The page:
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Hughie Lee-Smith

Hughie Lee-Smith (September 20, 1915- February 23, 1999) was an American artist and teacher whose signature works were slightly surreal in mood, often featuring distant figures seen under vast skies in desolate urban settings.


Lee-Smith was born in Eustis, Florida to parents Luther and Alice Williams Smith; in art school he altered his last name to sound more distinguished.[1] As a child Lee-Smith moved to Atlanta to live with his grandmother, where the carnivals he attended would later provide imagery for his art.[2] At age 10 he moved to Cleveland, and attended classes at the Cleveland Museum of Art, and later the Cleveland Institute of Art and the John Huntington Polytechnic Institute, the Art School of the Detroit Society of Arts & Crafts (Center For Creative Studies, College of Art & Design), and received a Bachelor of Arts from Wayne State University in Detroit. He began to teach art, and performed with an interracial dance company.[2] His early work reflected social concerns inspired by the Great Depression of the 1930s and the work of Works Progress Administration artists of the period.[3] Lee-Smith was employed by the WPA in Ohio, and while in the Navy painted a mural entitled History of the Negro in the U.S. Navy.

Many years after winning a top prize for painting from the Detroit Institute of Arts in 1953, he recalled

I was no longer called black artist, Negro artist, colored boy. When I won that prize, all of a sudden, there was no longer a racial designation.[2]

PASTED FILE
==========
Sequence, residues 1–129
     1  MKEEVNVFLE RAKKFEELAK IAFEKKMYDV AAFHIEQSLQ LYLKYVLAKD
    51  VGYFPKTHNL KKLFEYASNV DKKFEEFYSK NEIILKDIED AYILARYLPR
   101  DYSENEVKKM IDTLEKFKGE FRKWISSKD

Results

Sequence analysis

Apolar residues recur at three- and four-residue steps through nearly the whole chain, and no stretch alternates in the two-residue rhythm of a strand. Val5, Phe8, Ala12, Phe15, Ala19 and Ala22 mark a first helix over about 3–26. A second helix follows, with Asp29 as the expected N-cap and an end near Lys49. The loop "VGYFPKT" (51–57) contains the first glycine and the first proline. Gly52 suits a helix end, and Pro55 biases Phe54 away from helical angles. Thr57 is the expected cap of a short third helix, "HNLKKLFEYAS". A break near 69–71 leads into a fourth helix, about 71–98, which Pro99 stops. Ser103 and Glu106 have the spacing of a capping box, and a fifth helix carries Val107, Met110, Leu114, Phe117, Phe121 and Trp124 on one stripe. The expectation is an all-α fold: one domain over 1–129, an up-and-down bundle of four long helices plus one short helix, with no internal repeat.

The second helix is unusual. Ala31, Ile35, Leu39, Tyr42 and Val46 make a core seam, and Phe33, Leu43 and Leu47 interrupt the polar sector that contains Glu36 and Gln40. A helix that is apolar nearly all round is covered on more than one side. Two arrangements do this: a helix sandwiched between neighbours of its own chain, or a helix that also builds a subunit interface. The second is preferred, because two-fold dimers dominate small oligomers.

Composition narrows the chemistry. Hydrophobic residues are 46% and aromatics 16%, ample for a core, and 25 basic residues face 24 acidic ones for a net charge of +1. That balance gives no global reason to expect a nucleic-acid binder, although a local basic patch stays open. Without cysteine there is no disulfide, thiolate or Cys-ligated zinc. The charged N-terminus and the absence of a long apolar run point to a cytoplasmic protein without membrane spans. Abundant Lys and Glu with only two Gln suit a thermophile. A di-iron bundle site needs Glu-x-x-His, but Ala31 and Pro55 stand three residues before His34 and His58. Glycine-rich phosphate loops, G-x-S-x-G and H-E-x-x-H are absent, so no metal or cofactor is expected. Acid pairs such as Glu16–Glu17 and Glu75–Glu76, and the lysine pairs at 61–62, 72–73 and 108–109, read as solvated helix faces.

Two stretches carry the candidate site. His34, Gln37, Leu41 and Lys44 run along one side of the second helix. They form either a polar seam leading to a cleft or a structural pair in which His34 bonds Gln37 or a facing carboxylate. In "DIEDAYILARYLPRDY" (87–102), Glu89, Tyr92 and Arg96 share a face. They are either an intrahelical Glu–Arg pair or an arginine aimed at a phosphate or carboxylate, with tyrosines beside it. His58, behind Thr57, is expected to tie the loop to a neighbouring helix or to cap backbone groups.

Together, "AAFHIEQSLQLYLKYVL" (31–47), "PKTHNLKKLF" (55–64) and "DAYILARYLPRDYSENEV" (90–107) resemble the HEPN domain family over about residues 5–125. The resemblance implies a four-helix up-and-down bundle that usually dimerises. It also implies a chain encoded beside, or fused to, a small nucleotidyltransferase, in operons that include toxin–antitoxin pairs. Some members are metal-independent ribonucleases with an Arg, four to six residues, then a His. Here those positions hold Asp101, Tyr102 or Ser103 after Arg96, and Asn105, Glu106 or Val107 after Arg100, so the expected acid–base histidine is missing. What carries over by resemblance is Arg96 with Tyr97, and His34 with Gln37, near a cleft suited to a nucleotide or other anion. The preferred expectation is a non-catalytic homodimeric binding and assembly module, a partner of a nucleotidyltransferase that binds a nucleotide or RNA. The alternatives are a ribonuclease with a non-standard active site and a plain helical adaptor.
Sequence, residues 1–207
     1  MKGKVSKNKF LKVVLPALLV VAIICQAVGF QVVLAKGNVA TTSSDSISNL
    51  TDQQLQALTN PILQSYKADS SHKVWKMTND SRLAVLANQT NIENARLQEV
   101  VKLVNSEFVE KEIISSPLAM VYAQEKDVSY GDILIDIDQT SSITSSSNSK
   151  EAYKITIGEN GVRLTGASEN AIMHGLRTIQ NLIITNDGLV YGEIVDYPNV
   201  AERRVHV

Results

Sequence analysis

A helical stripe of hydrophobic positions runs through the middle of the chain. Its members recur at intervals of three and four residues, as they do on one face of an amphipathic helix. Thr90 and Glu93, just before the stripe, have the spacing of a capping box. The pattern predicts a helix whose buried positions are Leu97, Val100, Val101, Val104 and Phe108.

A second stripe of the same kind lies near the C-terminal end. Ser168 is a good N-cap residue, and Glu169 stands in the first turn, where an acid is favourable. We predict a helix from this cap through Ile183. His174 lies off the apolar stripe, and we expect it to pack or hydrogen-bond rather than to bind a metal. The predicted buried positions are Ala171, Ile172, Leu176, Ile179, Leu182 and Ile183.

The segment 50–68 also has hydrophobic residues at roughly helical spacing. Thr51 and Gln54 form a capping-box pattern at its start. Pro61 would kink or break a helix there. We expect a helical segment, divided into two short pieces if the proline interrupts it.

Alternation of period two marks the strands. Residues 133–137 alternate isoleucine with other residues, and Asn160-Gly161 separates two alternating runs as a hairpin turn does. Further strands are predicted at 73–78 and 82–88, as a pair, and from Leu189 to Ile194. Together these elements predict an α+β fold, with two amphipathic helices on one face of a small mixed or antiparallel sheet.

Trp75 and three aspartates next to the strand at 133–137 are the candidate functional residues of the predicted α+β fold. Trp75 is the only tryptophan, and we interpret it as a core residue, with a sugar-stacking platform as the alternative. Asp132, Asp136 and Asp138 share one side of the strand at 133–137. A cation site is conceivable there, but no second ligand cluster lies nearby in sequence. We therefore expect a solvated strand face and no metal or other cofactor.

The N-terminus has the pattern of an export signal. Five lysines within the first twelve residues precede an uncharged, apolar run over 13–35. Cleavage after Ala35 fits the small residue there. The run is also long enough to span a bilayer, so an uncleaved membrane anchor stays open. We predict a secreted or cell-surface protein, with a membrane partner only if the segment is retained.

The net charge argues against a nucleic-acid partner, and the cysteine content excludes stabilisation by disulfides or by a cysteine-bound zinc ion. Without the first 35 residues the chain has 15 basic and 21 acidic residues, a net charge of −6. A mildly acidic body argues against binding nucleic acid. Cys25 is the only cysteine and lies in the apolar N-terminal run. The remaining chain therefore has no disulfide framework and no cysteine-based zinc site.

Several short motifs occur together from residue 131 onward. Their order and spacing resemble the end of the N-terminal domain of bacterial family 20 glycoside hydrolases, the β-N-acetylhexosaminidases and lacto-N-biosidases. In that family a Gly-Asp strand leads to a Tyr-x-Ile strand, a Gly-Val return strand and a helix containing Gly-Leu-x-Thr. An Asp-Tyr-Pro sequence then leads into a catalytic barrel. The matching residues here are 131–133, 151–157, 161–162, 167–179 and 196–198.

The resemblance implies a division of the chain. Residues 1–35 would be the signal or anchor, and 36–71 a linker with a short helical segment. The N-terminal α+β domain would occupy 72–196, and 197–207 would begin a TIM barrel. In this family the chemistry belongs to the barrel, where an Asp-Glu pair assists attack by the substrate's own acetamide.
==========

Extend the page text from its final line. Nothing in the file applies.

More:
In 1958 Lee-Smith moved to New York City, and taught at the Art Students League for 15 years.[2] Later he moved to Cranbury, New Jersey.[4]

His paintings evidenced the influence of Cubism, Social realism, and Surrealism at the service of a personal expression that was poignant and enigmatic.[5] Of his characteristic work, Holland Cotter wrote in The New York Times,

Mr. Lee-Smith's paintings usually have spare settings suggestive of theater stages or bleak urban or seaside landscapes. Walls stretch out under gray skies. Men and women, as lithe as dancers, seem frozen in place. Most are dressed in street clothes; some wear exotic masks. Children frequently appear, as do props reminiscent of circuses. The work has an air of mystery associated with the paintings of Giorgio de Chirico and Edward Hopper.[2]

In 1963 Lee-Smith became an associate member of the National Academy of Design, then the second African-American to be elected to the Academy, after Henry Ossawa Tanner, and was made a full member four years later.[6] In 1994 he was commissioned to paint the official portrait of David Dinkins, former Mayor of New York City, for the New York City Hall.[7] Retrospectives of Lee-Smith's work were mounted by the New Jersey State Museum and the Studio Museum in Harlem in 1988, and Ogunquit Museum of American Art in 1997.[2] Lee-Smith's works are included in the collections of the Metropolitan Museum of Art, the National Museum of American Art, the Detroit Institute of Art, Howard University, and Schomburg Center for Research in Black Culture in Manhattan.[3][7]

Lee-Smith died of cancer in Albuquerque, New Mexico.



  • The African American Registry, biography
  • Jet, obituary, March 22, 1999
  • Johnson, Ken. The New York Times, review, September 29, 2000
  • Cotter, Holland. The New York Times, obituary, March 1, 1999
  • Raynor, Vivien. The New York Times, review, November 12, 1995
  • Raynor, Vivien. The New York Times, December 4, 1988
  • Lebowitz, Cathy. Art In America, review, January 2001
  • Art and Architecture of New Jersey, biography

External links

  • Appleton Museum of Art
  • Smithsonian Archives of American Art
  • , Howard University
  • Smithsonian American Art Museum

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